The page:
In September 1955, the Japanese studio Toho Co., Ltd. sold U.S. theatrical and television rights for their film GODZILLA (Gojira, 1954) to Edmund Goldman, owner of a small distribution company called Manson International. Goldman soon sold the movie to Harold Ross and Richard Kay of Jewell Enterprises, who in turn partnered with Joseph Levine of Embassy Pictures to form Trans World Releasing Corp. and distribute GODZILLA in America. The Trans World crew had the film dubbed in English and recut to include newly shot scenes featuring actor Raymond Burr (PERRY MASON). This new version was released to theaters in the United States in April 1956 as GODZILLA, KING OF THE MONSTERS. It was a box office hit, and the Americanized GODZILLA was quickly picked up for distribution in Mexico, Britain, France, Argentina, Cuba, Belgium, Sweden... and Italy, where it was released in February, 1957 as GODZILLA IL RE DEI MOSTRI. Among the Italian audiences who saw GODZILLA IL RE DEI MOSTRI was a young boy named Luigi Cozzi. Cozzi (born in 1947 in Busto Arsizio, Italy) is a lifelong fan of horror and science fiction movies who became a filmmaker as well as a close friend and partner of Italian horror icon Dario Argento (SUSPIRIA, TENEBRAE). He began his long working relationship with Argento as a writer on the 1970 film FOUR FLIES IN GREY VELVET (4 Mosche di Velluto Grigio), and the two have collaborated on titles such as CREEPERS (Phenomena, 1985), TWO EVIL EYES (Due Occhi Diabolici, 1990), and THE STENDHAL SYNDROME (La Sindrome di Stendhal, 1996).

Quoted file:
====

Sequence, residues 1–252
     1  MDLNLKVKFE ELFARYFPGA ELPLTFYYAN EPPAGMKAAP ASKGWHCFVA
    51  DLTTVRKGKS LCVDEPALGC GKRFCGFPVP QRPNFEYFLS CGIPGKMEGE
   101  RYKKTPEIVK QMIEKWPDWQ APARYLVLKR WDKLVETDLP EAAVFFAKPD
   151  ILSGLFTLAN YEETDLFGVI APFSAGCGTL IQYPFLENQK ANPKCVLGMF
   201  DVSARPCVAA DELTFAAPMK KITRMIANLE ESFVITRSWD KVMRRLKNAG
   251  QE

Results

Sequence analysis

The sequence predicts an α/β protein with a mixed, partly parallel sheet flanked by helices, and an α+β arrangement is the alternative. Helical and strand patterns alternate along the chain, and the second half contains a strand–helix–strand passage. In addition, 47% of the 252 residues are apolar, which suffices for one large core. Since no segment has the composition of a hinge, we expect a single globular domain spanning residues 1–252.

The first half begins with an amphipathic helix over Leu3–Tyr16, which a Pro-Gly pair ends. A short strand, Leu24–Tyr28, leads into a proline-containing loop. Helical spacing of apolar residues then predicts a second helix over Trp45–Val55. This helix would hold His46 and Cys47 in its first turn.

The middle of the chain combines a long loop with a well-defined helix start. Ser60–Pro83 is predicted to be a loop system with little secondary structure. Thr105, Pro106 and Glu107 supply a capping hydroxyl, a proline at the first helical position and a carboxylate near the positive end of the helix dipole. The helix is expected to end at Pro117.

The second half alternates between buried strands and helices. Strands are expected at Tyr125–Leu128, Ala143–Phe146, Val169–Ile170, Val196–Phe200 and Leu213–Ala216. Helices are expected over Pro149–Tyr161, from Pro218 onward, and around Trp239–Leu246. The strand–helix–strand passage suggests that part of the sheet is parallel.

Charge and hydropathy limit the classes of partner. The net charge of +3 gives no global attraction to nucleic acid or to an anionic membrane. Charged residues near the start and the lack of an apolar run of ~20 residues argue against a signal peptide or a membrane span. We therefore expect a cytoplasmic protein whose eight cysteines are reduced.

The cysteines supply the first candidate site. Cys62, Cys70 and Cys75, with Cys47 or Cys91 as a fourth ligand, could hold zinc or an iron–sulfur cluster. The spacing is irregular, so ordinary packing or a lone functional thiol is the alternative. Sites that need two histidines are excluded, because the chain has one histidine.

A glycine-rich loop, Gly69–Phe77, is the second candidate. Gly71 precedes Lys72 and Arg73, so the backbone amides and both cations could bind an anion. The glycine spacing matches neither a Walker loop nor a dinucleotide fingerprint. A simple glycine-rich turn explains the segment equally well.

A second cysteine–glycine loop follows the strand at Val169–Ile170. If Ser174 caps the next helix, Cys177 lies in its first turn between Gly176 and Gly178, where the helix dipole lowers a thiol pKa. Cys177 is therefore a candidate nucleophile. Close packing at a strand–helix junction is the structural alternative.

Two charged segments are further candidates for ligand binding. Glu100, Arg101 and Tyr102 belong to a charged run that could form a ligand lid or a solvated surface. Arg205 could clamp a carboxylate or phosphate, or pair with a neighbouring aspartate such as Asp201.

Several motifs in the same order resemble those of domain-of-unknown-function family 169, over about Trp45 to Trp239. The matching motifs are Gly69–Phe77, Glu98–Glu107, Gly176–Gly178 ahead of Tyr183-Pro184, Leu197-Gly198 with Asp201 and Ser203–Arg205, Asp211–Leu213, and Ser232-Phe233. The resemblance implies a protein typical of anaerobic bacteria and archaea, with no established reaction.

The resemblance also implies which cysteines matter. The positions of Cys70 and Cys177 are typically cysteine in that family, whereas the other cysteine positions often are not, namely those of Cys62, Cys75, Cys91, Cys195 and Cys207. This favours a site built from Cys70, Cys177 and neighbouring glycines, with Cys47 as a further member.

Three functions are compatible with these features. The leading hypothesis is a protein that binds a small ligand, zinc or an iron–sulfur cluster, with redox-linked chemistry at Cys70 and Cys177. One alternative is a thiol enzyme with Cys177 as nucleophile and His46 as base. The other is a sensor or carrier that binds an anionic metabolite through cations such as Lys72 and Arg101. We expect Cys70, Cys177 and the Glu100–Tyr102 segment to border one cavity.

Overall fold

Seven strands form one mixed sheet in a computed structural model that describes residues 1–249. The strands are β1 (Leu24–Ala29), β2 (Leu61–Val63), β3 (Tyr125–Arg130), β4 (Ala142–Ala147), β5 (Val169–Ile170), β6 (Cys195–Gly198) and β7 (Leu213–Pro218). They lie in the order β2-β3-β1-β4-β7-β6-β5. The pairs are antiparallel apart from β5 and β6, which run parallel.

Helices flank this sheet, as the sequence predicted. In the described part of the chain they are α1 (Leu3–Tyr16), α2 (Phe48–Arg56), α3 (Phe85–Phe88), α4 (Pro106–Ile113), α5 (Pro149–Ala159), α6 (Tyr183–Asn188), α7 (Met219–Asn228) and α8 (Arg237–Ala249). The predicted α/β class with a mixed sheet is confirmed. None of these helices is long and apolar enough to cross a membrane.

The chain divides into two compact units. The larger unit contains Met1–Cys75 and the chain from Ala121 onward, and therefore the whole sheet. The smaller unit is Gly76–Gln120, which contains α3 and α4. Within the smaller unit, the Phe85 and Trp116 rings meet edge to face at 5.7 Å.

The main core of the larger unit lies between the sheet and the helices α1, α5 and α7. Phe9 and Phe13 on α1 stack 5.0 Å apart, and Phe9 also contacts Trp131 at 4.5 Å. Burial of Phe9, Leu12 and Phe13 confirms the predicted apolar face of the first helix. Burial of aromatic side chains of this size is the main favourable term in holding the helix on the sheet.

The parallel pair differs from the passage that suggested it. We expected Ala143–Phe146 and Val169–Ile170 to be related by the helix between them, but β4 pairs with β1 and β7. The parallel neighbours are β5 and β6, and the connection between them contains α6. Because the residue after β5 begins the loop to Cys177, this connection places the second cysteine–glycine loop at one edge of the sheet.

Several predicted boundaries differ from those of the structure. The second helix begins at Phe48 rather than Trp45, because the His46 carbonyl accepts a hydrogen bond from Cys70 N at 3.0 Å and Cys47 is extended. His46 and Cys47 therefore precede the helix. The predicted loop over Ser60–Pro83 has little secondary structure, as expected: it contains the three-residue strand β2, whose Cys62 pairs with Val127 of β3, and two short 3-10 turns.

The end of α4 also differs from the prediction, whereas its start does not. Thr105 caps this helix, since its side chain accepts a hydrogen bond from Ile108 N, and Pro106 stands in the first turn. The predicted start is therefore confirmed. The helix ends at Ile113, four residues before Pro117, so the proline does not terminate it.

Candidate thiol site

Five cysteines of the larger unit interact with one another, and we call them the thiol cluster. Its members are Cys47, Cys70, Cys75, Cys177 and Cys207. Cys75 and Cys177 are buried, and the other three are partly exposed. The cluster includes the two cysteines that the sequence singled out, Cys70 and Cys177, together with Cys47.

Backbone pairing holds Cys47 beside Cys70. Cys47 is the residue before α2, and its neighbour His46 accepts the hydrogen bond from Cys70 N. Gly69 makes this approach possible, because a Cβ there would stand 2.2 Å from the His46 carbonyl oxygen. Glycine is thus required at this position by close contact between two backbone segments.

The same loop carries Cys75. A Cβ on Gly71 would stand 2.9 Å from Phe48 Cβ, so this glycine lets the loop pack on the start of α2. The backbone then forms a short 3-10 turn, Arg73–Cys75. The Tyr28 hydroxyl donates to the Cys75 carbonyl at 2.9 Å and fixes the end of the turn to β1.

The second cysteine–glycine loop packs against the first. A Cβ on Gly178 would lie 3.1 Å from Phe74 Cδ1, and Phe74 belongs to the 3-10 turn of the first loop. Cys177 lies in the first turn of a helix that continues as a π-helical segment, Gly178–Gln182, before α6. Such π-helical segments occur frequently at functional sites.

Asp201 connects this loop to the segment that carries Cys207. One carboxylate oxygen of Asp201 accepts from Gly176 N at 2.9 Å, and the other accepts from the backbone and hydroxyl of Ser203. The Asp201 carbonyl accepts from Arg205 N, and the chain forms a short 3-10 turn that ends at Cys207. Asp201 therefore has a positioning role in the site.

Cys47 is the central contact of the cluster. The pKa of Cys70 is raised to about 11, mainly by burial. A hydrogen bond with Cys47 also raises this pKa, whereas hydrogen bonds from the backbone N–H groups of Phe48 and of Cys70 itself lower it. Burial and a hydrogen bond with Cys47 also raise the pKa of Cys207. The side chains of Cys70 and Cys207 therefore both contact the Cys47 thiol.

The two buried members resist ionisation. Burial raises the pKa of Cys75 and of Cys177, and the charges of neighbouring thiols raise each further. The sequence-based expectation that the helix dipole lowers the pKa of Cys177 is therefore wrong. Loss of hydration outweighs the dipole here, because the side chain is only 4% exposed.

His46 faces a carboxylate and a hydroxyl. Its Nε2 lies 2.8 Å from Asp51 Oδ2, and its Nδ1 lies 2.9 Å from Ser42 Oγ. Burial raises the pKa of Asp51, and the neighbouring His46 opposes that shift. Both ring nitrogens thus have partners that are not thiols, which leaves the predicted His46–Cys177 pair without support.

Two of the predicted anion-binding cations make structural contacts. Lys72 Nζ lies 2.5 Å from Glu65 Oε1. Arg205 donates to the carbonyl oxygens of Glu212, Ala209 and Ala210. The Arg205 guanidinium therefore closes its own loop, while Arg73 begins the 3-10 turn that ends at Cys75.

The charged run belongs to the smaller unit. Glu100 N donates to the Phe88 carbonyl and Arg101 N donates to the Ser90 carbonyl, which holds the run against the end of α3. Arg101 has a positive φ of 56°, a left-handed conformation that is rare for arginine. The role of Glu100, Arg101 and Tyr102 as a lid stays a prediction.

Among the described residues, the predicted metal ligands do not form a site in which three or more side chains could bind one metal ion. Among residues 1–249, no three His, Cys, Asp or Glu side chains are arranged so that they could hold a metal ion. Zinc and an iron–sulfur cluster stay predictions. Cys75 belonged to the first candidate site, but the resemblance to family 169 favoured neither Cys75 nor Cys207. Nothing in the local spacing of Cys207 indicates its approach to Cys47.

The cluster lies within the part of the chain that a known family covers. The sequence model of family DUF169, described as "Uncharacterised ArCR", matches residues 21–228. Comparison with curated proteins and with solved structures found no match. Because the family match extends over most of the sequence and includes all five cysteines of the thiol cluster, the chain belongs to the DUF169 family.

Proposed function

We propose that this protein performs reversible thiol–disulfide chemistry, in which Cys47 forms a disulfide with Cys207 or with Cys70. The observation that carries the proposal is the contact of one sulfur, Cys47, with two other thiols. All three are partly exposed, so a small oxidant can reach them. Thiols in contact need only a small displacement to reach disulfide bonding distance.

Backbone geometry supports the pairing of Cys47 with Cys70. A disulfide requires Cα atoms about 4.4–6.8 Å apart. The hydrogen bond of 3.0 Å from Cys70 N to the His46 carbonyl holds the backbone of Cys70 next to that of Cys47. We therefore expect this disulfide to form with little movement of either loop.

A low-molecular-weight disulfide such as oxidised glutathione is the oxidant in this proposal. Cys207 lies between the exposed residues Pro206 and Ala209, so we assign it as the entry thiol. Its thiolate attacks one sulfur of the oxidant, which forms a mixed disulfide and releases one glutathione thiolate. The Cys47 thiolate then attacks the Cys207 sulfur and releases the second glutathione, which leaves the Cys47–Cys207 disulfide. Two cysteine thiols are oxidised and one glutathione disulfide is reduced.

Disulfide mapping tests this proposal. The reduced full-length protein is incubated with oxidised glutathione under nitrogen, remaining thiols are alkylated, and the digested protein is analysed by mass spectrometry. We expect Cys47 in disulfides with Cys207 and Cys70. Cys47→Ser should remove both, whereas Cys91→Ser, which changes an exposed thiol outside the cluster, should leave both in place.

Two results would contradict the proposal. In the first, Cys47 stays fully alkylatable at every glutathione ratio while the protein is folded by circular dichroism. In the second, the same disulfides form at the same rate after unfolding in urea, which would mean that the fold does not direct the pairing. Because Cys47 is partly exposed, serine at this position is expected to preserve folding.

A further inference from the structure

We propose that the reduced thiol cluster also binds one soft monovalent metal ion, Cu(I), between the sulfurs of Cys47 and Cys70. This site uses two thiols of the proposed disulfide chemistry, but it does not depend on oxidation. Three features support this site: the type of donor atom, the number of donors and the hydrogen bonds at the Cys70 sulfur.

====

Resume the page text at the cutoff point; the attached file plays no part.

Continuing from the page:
Initially, Eiji Tsuburaya imitated the method of shooting Godzilla in the US and Europe, and examined the technique of doll animation , but it was calculated backward from the opening date of November 3 and judged that it was impossible in the process, and the actor entered inside. The stuffed animal method was adopted. Haruo Nakajima, who was the main performer, said to Tsuburaya, "It will take 7 years if you do a doll animation, but if you perform, you can do it in March." Until then, the only monsters in the movie were doll animations, and even when the photographers Sadamasa Arikawa and Nakajima said to Tsuburaya that "I'll do it with a stuffed animal," he didn't have any image. "Godzilla" was also Japan's first initiative as a full-fledged "plush monster."


Colorizing it is like dubbing: Whereas English audio-dubs take away from the original performance of actors, a colorization takes away from the original work of directors of photography. I for one have no interest in altering that. The original movie is a beautifully shot film Masao Tamai who also worked closely with the prolific director Mikio Naruse. And Sadamasa Airikawa's effects photography blended so beautifully with his work and gave Tsuburaya's effects an almost do***entary look. B&W can be gorgeous, as the '54 film is, and colorizing would destroy that visual artistry.


Godzillais a Hindi dubbed Movie.You can also watch the You Tube trailer here or by clicking the "watch trailer" link below.The Available print quality of this movie is Hd. It is the best video print quality till Jan. 22, 2020, 1:42 p.m. over the internet.